Gor Mahia XI: Oluoch- Musa Mohammed, Harun Shakava, Nzigiyimana, Sibomana- Luke Ochieng, Collins Okoth, Walusimbi, ‘Blackberry’- Jacob Keli, Agwanda.
Bandari FC XI: Obungu- Duncan Otewa, David Gateri, Mohammed Shariff, Felly Mulumba- Humphrey Okoti, Musa Mudde, Shaban kenga, Edwin Lavatsa, Anthony Kimani- Dan Sserunkuma.
Francis Nuttal’s dramatic return to Gor Mahia was coupled with Luke stepping in for Aucho and Jacob Keli and Agwanda filling the vacancy of last season’s prolific attacking duo.
Bandari put on show their revamped squad ahead of charting into the uncharted waters of continental football in a five man midfield.
The game started with a good intensity. Unfortunately, it did not seem directed towards any goal- metaphorically. There was plenty of silly loss of possession, miscued passes and too many negative passes. Perhaps Gor Mahia can be forgiven as they did not have a player who could hold and distribute the ball in the pitch. Bandari, on the other hand, had numbers and a decent attacking midfield trio but were woeful in possession. When the ball got to the feets of Kenga, Kimani or Lavatsa there was a sense of danger but reliance on individuals against the experienced Gor Mahia defenders was fruitless.
The former Gor Mahia marksman played upfront alone. Supply to him was always over the top thus he never truly got a hold into the game. But you could see how much respect he got from Gor Mahia. The defenders stuck very tight to him. He would drift wide to the right to get them out of position and try and get space to run onto the danger area with the ball. In these instances, Anthony Kimani (who played well) would have bombed into the space created to receive passes but he is not a true no.10. Understandably, this instinct eluded him.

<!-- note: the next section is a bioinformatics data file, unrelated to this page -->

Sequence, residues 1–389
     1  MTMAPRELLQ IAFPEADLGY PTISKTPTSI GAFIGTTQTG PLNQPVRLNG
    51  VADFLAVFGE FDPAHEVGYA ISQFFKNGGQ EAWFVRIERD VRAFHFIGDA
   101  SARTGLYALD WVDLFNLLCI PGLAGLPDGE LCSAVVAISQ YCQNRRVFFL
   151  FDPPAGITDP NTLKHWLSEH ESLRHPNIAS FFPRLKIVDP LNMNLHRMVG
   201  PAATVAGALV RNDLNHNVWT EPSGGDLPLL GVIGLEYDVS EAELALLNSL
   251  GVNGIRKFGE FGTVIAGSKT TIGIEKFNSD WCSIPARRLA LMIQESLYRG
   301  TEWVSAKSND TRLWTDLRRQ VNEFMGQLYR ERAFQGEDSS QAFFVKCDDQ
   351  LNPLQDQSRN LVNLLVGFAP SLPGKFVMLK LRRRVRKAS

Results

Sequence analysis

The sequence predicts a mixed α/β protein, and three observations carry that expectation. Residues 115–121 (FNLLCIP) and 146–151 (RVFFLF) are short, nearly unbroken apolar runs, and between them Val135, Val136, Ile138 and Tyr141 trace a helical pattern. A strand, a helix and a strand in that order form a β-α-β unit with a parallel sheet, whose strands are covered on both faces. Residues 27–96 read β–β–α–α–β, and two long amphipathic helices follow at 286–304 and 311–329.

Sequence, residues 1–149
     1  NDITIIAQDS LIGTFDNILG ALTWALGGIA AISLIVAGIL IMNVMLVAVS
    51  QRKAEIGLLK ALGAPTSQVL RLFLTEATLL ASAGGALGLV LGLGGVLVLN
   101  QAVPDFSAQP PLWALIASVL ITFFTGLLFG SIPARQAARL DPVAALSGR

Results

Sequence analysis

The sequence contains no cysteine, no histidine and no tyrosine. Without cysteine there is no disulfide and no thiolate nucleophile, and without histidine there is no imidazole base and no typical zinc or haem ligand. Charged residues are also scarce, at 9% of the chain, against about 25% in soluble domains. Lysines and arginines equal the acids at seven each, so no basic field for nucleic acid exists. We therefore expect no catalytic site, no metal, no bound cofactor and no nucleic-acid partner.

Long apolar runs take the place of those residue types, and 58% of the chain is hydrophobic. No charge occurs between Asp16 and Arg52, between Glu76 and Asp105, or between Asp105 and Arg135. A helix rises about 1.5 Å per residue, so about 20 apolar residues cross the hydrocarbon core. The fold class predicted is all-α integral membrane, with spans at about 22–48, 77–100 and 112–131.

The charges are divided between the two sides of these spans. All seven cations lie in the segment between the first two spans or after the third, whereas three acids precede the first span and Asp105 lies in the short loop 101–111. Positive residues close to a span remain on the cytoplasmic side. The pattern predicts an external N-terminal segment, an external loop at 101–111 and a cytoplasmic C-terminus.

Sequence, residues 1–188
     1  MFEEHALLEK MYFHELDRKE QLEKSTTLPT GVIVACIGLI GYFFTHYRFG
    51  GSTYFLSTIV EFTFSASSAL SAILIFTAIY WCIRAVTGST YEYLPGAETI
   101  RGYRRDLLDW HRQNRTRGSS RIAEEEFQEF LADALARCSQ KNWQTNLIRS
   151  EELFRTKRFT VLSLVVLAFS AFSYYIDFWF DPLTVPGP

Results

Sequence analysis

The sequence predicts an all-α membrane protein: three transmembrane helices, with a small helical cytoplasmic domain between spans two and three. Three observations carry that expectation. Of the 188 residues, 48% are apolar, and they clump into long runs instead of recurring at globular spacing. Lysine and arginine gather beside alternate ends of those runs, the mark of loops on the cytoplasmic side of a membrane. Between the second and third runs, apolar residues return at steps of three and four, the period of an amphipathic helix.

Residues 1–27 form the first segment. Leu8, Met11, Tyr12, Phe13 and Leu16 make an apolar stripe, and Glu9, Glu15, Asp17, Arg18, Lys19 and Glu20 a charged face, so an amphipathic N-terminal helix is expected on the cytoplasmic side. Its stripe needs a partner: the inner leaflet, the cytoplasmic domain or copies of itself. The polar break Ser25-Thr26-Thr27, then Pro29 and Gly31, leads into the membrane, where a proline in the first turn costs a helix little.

Bandari FC’s defence struggled at points with the twin strike force. I was particularly impressed by Agwanda’s decision making and general holding up of the ball. Is this a ‘lite’ version of KPL 2015 attack? You had a burly striker in Agwanda and a partner who can run into afforded spaces; Keli. Twice we saw Jacob Keli cause havoc at the far-post. Because he is not tall, he wouldn’t direct headers at goal. Instead, he brought in cut-backs- my favourite kind of chance creation from width. And unlike Bandari, K’ogallo always had runners into the box to try and take advantage. Collins Okoth’s close effort is a great example.
Numeric advantage not utilized
When Bandari played so casually 11 vs 10 I thought they were burning out Gor Mahia. I thought they would pass the ball to death then pounce on their red-carded opponents in the final phases. But Muhiddin’s charges were simply playing it safe. This happened while Gor Mahia kept belief in their style by sticking to a 4-3-2 layout before substitutions.
At the danger of falling into that bad behavior of moralizing football approaches, I was disappointed at Bandari FC. They deliberately brought the tempo to a standstill. They moved the ball around so slowly and switched the flanks so predictably even for a 10-man opponent.
From this game we learnt that Gor Mahia will still be a strong title challenger. I know predictions can discredit an expert but Bandari FC is a top 5 candidate yet they still accorded too much respect. I also have to laud Anthony Kimani and Obungu for standing out in the game and watch out for Dan Sserunkuma.